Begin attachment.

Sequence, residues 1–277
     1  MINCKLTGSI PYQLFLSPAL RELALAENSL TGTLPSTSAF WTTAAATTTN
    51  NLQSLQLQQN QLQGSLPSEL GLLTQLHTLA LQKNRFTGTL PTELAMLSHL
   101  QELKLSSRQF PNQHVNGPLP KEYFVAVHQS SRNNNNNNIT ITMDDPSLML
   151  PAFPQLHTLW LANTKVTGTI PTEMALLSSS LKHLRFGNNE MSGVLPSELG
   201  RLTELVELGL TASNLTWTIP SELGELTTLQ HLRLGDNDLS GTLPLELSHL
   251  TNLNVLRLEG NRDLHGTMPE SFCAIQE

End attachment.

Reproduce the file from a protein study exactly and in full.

Sequence, residues 1–277
     1  MINCKLTGSI PYQLFLSPAL RELALAENSL TGTLPSTSAF WTTAAATTTN
    51  NLQSLQLQQN QLQGSLPSEL GLLTQLHTLA LQKNRFTGTL PTELAMLSHL
   101  QELKLSSRQF PNQHVNGPLP KEYFVAVHQS SRNNNNNNIT ITMDDPSLML
   151  PAFPQLHTLW LANTKVTGTI PTEMALLSSS LKHLRFGNNE MSGVLPSELG
   201  RLTELVELGL TASNLTWTIP SELGELTTLQ HLRLGDNDLS GTLPLELSHL
   251  TNLNVLRLEG NRDLHGTMPE SFCAIQE